Brain Tumors

Pathology & Grading 

A pathology report provides you and your health care team with essential information about the specific characteristics of your tumor. This information serves as a guide to plan the treatment most likely to be effective for your tumor based on its features. A final diagnosis is usually made based on these findings.

The pathology report is compiled by a pathologist, a doctor with specialized training in determining the nature and cause of disease. The pathologist conducts an examination of cells or tissue samples obtained during biopsy of the tumor or of the entire tumor after definitive surgery (removal of the tumor). The specimen is examined with and without a microscope, and its size, shape and appearance are documented and special tests may be performed. Cerebrospinal fluid (fluid around the brain and spinal cord) also may be collected for examination to help determine the grade of cancer by looking for the presence of tumor cells.

A neuropathologist, a pathologist who specializes in the examination and diagnosis of diseases of the brain and central nervous system, may also contribute by examining the tumor sample to determine the specific tumor type, test for tumor markers (biomarkers) and genetic abnormalities, and classify the tumor according to a grading system.

Classifying and Grading Brain Tumors

Brain and spinal cord tumors are given a grade based on how the tumor cells look and behave under a microscope. A tumor grade is different from the stage of a cancer. Cancer staging is based upon the size of a primary tumor and the location of cancer cells in the body. A tumor grade indicates how closely cancer cells resemble normal healthy cells. Cancer cells that resemble normal cells are called “well-differentiated,” and they grow and spread at a slower rate than “undifferentiated” and “poorly differentiated” cells, which look very abnormal when compared to normal cells. In some cases, a single tumor may consist of several different cell types. The tumor is graded overall based on the highest grade cells within the tumor.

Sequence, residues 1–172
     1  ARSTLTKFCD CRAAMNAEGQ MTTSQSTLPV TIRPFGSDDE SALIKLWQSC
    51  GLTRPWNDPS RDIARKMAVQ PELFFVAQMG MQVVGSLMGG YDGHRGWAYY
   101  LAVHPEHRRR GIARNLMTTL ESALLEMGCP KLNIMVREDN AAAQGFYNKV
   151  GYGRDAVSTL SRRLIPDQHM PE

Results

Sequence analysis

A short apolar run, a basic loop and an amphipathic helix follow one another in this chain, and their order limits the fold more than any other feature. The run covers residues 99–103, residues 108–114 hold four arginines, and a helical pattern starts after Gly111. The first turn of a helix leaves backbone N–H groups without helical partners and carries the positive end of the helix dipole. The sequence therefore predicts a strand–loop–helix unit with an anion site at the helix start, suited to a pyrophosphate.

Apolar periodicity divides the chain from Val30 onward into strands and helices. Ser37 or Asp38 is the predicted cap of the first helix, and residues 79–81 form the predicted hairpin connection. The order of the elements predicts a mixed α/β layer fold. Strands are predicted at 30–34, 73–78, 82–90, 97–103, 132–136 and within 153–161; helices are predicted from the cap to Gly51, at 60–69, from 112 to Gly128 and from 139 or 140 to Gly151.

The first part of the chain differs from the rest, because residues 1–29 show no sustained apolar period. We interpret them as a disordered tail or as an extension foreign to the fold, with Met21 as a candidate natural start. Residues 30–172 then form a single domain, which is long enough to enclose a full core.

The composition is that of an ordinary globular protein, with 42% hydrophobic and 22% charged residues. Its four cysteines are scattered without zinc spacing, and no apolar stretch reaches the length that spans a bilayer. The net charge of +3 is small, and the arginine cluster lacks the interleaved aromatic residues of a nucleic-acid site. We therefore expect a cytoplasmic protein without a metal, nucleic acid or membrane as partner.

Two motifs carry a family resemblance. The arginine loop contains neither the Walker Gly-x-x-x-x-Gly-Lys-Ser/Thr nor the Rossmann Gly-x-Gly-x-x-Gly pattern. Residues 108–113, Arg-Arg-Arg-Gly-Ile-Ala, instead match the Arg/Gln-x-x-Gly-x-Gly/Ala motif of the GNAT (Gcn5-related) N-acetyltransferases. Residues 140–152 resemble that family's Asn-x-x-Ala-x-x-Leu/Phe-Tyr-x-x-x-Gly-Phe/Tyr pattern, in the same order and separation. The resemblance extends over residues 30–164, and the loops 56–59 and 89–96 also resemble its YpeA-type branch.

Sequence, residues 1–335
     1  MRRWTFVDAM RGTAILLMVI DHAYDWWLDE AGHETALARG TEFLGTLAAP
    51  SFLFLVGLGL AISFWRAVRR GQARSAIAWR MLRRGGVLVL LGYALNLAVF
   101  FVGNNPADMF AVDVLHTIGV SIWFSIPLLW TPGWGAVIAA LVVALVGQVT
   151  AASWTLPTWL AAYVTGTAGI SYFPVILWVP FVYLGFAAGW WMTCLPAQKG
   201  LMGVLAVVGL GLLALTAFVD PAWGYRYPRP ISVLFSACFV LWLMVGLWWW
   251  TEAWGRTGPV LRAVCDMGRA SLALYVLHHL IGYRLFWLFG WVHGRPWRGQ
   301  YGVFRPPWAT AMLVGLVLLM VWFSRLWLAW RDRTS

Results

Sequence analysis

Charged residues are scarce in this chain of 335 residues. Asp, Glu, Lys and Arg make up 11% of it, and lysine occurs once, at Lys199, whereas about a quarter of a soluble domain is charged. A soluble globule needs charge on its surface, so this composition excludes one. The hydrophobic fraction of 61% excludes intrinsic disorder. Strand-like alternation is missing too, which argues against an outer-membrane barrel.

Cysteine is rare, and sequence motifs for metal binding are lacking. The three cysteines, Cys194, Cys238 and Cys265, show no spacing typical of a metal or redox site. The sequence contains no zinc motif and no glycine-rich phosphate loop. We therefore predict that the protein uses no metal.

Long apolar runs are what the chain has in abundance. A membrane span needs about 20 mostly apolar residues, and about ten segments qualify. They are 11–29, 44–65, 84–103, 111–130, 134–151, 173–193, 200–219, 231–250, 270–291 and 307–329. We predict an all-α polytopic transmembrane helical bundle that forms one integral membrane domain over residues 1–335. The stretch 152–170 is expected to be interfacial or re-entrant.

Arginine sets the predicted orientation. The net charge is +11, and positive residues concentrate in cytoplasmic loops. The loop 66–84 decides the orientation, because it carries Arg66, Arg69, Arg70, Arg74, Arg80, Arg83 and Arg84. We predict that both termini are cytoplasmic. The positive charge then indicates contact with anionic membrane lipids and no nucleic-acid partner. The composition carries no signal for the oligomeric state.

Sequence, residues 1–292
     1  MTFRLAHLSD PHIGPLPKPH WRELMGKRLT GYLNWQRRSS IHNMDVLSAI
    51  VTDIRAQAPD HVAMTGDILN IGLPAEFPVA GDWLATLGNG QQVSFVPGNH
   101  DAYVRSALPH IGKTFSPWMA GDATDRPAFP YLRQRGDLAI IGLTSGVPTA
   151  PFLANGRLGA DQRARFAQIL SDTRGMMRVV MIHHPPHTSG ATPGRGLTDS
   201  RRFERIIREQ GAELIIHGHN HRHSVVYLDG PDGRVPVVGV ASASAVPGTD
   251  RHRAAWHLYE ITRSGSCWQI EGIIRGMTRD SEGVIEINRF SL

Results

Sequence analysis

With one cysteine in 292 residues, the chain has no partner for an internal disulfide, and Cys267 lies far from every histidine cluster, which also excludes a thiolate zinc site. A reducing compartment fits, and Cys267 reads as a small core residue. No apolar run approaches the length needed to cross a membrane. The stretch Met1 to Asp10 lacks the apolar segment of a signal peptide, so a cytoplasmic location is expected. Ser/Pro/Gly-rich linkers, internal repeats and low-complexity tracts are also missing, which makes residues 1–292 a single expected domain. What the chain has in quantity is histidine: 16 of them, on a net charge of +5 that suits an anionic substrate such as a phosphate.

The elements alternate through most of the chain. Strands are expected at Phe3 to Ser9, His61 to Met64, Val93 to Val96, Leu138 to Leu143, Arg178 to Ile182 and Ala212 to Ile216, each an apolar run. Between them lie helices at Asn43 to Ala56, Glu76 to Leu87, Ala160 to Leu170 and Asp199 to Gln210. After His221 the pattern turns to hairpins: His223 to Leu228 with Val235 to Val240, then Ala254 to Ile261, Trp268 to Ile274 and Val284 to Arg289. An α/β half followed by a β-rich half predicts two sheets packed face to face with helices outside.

The most commonly used grading system for brain tumors is the World Health Organization (WHO) Classification and Grading system for central nervous system tumors. This grading system helps doctors develop an appropriate treatment plan.

Brain Tumor Grades

Grade Description
Grade I The slowest growing and least malignant (cancerous) tumors, these tumors are often referred to as nonmalignant tumors. They consist of cells that look mostly normal when examined with the use of a microscope. These tumors rarely recur (come back) as a higher grade tumor.
Grade II These tumors grow relatively slowly and consist of cells that look only slightly abnormal when examined with the use of a microscope. They can spread into nearby normal tissue and may recur later as a higher grade tumor.
Grade III These malignant tumors quickly reproduce abnormal cells that are likely to spread to nearby normal tissue. They have a higher risk of recurrence and may return as a higher grade tumor. It can sometimes be difficult to differentiate between Grade II and Grade III tumors.
Grade IV The most rapidly growing type of brain tumor, these malignant tumors reproduce cells that appear completely abnormal and can easily spread into surrounding tissue.
Source: World Health Organization (WHO) Classification and Grading System (2017)

Other Brain Tumors

The four-grade classification system is used for many brain tumor types, but others, such as germ cell tumors and medulloblastomas, are classified using different methods.

Germ cell tumors are typically evaluated using magnetic resonance imaging (MRI) and tests done on cerebrospinal fluid because there is no universally accepted system to classify them. In general, doctors classify a germ cell tumor into one of two groups: M0 (metastatic-negative) or M+ (metastatic-positive).

Instead of using a classification system to determine a treatment plan for medulloblastomas, doctors develop a treatment plan based on factors that indicate the risk of tumor recurrence (returning after treatment). In general, doctors may classify medulloblastomas in children into one of two risk groups depending on the child’s age, how much of the tumor remains after surgery and whether the tumor has spread

  • Standard-risk: A standard or “average-risk” tumor is located in the very back portion of the brain and has not spread to other areas of the brain and spinal cord. This classification is assigned when almost all of the tumor is removed during surgery.
  • High-risk: A high-risk tumor has either spread to other parts of the brain or the spine, or has not spread, but more than 1.5 cc of the tumor remains after surgery. A high-risk classification may also be assigned to a tumor that initially appears to be a standard-risk tumor after biomarker testing is completed.

 

 

Additional Resources

 

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